Akak’stiman Indigenous Strategy

21% of Calgary’s homeless population is Indigenous

1 in 4 Indigenous children in Calgary live in poverty

62% of those in Alberta’s child welfare system are Indigenous, although only 10% of the province’s children are Indigenous

In 2018, United Way launched a new five-year strategic plan, which included among its objectives that United Way and Indigenous communities have a relationship built on trust, respect, and reciprocity. To meet this objective, United Way embarked on a journey to develop an organizational Indigenous strategy that reflects the spirit and intent of the Truth and Reconciliation Commission’s final report, Honouring the Truth, Reconciling for the Future.

Akak’stiman: Journey of Creative Planning to Achieve Goals is a multi-generational strategy that guides United Way’s business practices, Indigenous-focused investments, and our relationships with Indigenous communities. Developed with guidance and leadership from local Elders, the strategy reflects our commitment to building relationships with Indigenous people by recognizing and honouring both Western and Indigenous ways of knowing, being, and doing.

Akak’stiman signals United Way’s intention to be an ally, leader, and relative in reconciliation.

Read the strategy summary

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Watch our strategy journey story

What’s Being Done

United Way invests in programs and initiatives that strengthen Indigenous cultural identity and support the mental, physical, emotional, and spiritual well-being of Indigenous people through Indigenous legacy education, genuine cultural practices, and therapeutic activities.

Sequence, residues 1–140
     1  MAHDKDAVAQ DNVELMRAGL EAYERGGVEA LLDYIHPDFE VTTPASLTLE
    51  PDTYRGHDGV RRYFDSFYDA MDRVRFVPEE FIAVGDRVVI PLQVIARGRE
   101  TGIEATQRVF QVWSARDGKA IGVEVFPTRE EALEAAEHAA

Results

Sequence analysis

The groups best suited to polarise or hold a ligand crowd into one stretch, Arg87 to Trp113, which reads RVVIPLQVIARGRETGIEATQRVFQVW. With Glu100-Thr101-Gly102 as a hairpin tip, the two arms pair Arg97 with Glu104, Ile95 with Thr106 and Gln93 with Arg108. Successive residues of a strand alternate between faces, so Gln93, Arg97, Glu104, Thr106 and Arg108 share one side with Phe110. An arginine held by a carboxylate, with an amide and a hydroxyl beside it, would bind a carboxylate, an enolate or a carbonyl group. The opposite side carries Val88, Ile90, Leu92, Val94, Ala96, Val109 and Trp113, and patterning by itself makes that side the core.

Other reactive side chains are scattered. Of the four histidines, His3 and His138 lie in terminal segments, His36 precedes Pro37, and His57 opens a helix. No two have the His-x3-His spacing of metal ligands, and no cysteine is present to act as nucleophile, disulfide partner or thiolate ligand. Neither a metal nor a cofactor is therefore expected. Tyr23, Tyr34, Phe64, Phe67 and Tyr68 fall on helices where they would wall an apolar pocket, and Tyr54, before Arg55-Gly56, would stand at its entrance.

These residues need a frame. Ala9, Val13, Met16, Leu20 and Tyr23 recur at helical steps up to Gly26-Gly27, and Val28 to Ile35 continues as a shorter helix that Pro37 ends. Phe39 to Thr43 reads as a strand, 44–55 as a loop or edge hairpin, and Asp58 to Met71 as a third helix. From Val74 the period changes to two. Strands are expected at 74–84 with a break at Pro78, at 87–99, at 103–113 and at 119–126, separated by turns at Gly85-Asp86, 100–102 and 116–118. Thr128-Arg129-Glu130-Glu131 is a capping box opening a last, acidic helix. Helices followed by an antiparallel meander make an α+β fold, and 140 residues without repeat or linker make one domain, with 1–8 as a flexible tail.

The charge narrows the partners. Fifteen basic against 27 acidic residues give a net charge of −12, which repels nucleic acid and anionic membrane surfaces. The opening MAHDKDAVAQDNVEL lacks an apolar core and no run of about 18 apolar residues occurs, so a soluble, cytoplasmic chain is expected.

Akak’stiman is a natural continuation and evolution of these investments, which are aligned with specific Calls to Actions outlined by the Truth and Reconciliation Commission.

A group of people share a laugh.

United Way’s Indigenous Advisory Committee advises on the implementation of United Way’s Akak’stiman Indigenous Strategy.

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Natoo'si logo.

We invest more than $1.8 million in Indigenous programs annually under our Natoo’si Indigenous Healing and Well-being Initiative, which is focused on supporting individuals, children, youth, and families in healing from intergenerational trauma

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A painting of a dancer on a window.

In partnership with Miskanawah Community Services Association, United Way has developed the Diamond Willow Youth Lodge. Launched in the fall of 2018, the lodge serves as an inclusive, welcome gathering space for Calgary’s Indigenous youth to connect and celebrate their culture in a safe environment.

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A group of elders in a convention space.

United Way is an ally and incubator for the Elders Knowledge Circle, which offers a centralized place of knowledge and wisdom where Elders from different nations act as resources to benefit both Indigenous and non-Indigenous groups.

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United Way of Calgary and AreaAkak’stiman Indigenous Strategy